Senior Lebanese Journalist: Arabs Are Outraged When Israel Destroys A Home While They Destroy Entire Cities

A man walks past the rubble of a building following reported shelling by Syrian government forces in the Bab al-Hadid neighbourhood of the northern city of Aleppo on April 18, 2015. Aleppo has been devastated by fighting since rebel fighters seized its eastern half in 2012, setting up a front …

TEL AVIV – Veteran Lebanese journalist Samir Atallah penned a scathing article on the Arab people’s inability to conduct negotiations without resorting to threats, as well as the hypocrisy of the Arab world’s outrage towards external threats like Israel, which may have demolished “a house or two” while Arabs destroy entire cities.

Writing in English in the London-based Saudi daily Al-Sharq Al-Awsat, Atallah slams the Arab nations’ proclivity to speak of one another in terms of endearment including “brother” and “comrade” – even though they refuse to talk directly to each other.

“From the Atlantic Ocean to the Gulf, ‘the great Arab homeland’ is in the hands of international mediators,” Atallah writes, noting that many Arab conflicts have been mediated by third parties such as the UN.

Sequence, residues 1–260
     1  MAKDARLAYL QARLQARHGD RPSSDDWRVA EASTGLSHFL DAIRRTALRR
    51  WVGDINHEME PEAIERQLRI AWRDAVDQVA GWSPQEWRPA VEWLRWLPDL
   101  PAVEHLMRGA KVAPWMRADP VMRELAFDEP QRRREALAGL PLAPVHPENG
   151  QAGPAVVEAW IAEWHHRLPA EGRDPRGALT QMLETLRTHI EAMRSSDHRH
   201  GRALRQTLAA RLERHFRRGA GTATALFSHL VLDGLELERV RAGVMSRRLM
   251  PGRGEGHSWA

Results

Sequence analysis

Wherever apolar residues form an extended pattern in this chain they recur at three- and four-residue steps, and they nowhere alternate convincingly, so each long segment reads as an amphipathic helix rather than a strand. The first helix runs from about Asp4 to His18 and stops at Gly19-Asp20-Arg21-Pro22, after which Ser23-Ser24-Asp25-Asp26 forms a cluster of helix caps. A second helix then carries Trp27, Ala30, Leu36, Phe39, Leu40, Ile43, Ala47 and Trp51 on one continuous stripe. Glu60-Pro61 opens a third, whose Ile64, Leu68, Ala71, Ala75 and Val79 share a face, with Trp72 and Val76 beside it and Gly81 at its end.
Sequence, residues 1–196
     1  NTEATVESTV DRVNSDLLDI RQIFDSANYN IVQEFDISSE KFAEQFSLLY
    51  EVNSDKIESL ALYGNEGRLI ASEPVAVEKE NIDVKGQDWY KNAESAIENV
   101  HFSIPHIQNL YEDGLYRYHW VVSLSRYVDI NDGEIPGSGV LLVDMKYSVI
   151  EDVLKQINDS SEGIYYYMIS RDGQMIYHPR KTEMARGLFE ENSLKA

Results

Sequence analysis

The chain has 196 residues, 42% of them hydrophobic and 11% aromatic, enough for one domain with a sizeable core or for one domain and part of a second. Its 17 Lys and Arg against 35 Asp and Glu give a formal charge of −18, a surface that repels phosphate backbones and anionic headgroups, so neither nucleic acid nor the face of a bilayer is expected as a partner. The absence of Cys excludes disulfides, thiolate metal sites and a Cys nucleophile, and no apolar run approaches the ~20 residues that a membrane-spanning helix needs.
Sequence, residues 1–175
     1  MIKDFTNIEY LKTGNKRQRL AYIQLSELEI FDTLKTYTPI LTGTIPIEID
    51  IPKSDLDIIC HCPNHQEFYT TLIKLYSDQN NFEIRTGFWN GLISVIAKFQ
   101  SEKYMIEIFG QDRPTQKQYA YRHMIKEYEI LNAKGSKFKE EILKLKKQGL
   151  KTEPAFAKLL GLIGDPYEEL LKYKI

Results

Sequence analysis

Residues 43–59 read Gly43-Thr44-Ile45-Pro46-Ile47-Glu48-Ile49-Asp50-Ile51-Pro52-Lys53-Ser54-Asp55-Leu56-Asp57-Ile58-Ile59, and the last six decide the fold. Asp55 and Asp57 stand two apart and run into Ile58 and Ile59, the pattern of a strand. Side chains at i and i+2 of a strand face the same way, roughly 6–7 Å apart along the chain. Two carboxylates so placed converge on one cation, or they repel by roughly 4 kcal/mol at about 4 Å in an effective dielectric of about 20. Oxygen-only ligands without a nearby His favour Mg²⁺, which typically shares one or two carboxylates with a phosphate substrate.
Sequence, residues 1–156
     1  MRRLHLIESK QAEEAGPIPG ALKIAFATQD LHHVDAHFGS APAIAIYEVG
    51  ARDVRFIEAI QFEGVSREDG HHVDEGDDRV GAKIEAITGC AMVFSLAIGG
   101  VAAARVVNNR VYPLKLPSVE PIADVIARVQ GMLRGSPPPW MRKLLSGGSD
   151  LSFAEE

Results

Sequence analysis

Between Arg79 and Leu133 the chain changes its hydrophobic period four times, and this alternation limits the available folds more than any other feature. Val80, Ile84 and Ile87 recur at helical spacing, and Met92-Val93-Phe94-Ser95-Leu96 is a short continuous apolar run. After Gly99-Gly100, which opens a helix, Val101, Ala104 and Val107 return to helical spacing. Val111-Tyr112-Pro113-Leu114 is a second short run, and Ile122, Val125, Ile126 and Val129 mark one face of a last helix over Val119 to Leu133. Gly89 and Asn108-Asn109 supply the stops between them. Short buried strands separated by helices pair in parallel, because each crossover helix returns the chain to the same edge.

But even in those cases, he adds, the parties cannot come to an agreement because Arabs do not know how to hold a dialogue and always “demand, impose and threaten rather than discuss.”

Atallah points to the failed reconciliation talks between rival Palestinian political factions Fatah and Hamas, though he applauds the two for meeting in the past in an effort to rise above their own differences so they can work together against the “brutal Zionist enemy.”

But Arabs are not capable of following through, Atallah says. They prefer to express fury and indignation when “the brutal enemy destroys a house or two from time to time while the gracious brother destroys cities, re-destroys them and then sees a wall that is still standing and vies for it.”

“You might think that these things only happen in the worst nightmares, but then you wake up and realize that the nightmare and the reality of the nation is one and that the role of intermediaries is an unconscious complicity in procrastination, hypocrisy, digging people’s graves and burying hope.”

“Arabs do not know the meaning of dialogue,” Atallah concludes.


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